US Import Tarriffs?

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US Import Tarriffs?

Oct 15, 2004 | 13:08 1 Can any one tell me what the subsidies the US are whinning about. I did not know we are subsidizing hog production in Canada? Reply With Quote
Oct 16, 2004 | 08:07 2 TMR machines when examined to the core and used right are worth it. You can expect from 25 to 30% better eficiency of your feed when used right. That means you need to load them with a balanced ration.
The best mix is achieved in a four auger mixer when the top augers are about 4 inches away from the bottom ones. Any further and there are ded spots in between. The only thing the verticale mixers can do is break up long material into the mix. However they do a lousy job of mixing in supplement or grain.
A good 4 auger mixer will have you a mix in about 4 minuets with low power requirments.
Rotaries/horizontals can't even be taught how to mix a ration. Reply With Quote
Oct 16, 2004 | 09:52 3 Lots to consider DNaker. We use a Jlor, corksrew and I find it good for a number of reasons. Our farm is mainly purebred cow/calf with only our own yearlings and bulls. We mix hay with all of our rations, and some are almost straight hay. I feel that the cows are getting the pellets as they don't usually spend the whole time eating at one spot. We buy all of our feed including around 700 ton of silage per year. This Jlor does an excellent job of cutting every bale that I have thrown in it.
Labour is probably the real key for me. My days would almost never end if I were to feed without this thing---or I would need to hire help.
I can see a feedlot having challenges with a vertical, but lots of positives for cowcalf operations. Reply With Quote
Oct 16, 2004 | 13:38 4 TMR - stands for "Total Mixed Ration". If that's what you require, then my above comments stand. That means you can take 10 bunk samples of the mix have them tested from first off to last off and they will be relatively the same. If you want a machine to rip up long rougages and bled it with silage and you are feeding cows then a verticle will perform relativly well.
However as a "TMR" they won't cut it so don't let any salesman or producer tell you other wise. Reply With Quote
Oct 16, 2004 | 14:48 5 wd40...your back! thought they must have locked you in a combine. Reply With Quote
Oct 18, 2004 | 08:57 6 looks like combining might have to waite till next year, so I think I'll take a trip to where the sun (usually) shines. Reply With Quote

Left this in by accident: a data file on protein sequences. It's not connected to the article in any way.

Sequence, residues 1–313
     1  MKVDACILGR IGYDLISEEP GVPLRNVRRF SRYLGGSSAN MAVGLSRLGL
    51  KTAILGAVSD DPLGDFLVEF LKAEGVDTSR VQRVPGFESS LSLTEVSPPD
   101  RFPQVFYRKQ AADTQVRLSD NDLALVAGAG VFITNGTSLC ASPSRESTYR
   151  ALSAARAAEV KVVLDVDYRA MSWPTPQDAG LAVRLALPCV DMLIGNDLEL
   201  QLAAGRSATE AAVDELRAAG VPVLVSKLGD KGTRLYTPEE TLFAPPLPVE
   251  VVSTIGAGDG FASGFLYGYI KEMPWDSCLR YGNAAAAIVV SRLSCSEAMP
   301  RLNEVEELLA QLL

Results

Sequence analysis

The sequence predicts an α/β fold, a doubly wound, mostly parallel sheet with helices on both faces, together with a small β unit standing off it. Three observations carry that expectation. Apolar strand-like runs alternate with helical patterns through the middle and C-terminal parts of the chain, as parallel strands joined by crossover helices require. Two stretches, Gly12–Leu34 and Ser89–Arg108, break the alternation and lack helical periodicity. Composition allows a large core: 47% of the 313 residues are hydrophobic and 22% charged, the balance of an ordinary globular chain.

Oct 20, 2004 | 08:30 7 So WD40 which machines to you recommend and which do you not, please name some examples, thank you. Reply With Quote
Oct 21, 2004 | 22:50 8 Ok the Harsh mixers, Renn and the Cattlelac 4-auger mixers are built in the same profile as Harsh.
The other auger (horizontal mixers) have a much larger gap between the top and bottom augers. They are chain reduction and require more HP instead of the trouble free planetary gear boxes. Reply With Quote
Oct 23, 2004 | 17:11 9 I guess most of the subsidies that they were complaining about could not be countervailed because they were not "subsidies" that were directed to hog production alone.

There were various one in each province, and were really no different than those offered by the various State and Federal governments in the US. They focused on the purple gas tax exemptions on farm fuels, portion payments of crop insurances and income stabilization things like NISA and AIDA. The tax exemption on farm building materials, and the reduced interest rate loans (Young Farmers Rebate in MB). There were things like PFRA shelterbelts, incentives for conservation, there was a whole list. If I find it again I'll post the list. It was either on Canadian Pork Council or the NPPC (USA) site.

Nothing like calling the kettle black or whatever by the US with all of their export subsidies that EVERYONE knows about. Nothing like grabbing at straws I hear. Reply With Quote
Nov 1, 2004 | 17:37 10 Don't discount that it may be the generous support directed at all segments of Quebec ag industry that may be the instigation behind U.S. actions.

The following is from a Quebec web site:

Nearly 80 pig breeders of Iowa denounce the new tax with the importation on Canadian piglets.



The tax of 14% imposed by the American ministry of the Trade on the purchases of alive piglets coming from Canada could involve the closing of several American farms, clamp Pork Trade Action Coalition.

Estimating that the American offer of piglets is too weak to provide the request, these stockbreeders must supply themselves at high price in Canada.

Some of the most important stockbreeder-transformers of pigs of the United States endorse this tax and benefit from the closing of the border to the piglet imports. You undeceive, it acts yourselves in fact of a tax on the American farmers, clamp the Coalition in a diffused publicity last week in Iowa.

The stockbreeders of Iowa imported 2,7 million alive pigs of Canada in 2003, which is equivalent to a little more half of all piglets imported of Canada towards the United States this year. Reply With Quote